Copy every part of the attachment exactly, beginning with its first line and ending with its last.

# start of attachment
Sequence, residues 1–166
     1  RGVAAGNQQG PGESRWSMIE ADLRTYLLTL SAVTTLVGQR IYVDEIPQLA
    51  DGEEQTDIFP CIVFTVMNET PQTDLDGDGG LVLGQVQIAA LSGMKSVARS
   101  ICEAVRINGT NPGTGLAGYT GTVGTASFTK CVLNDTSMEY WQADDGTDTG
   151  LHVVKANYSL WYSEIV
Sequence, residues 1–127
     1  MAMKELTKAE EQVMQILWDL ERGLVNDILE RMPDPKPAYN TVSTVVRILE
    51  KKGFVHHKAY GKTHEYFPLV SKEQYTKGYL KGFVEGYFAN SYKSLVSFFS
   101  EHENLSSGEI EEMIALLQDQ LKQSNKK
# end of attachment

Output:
Sequence, residues 1–166
     1  RGVAAGNQQG PGESRWSMIE ADLRTYLLTL SAVTTLVGQR IYVDEIPQLA
    51  DGEEQTDIFP CIVFTVMNET PQTDLDGDGG LVLGQVQIAA LSGMKSVARS
   101  ICEAVRINGT NPGTGLAGYT GTVGTASFTK CVLNDTSMEY WQADDGTDTG
   151  LHVVKANYSL WYSEIV
Sequence, residues 1–127
     1  MAMKELTKAE EQVMQILWDL ERGLVNDILE RMPDPKPAYN TVSTVVRILE
    51  KKGFVHHKAY GKTHEYFPLV SKEQYTKGYL KGFVEGYFAN SYKSLVSFFS
   101  EHENLSSGEI EEMIALLQDQ LKQSNKK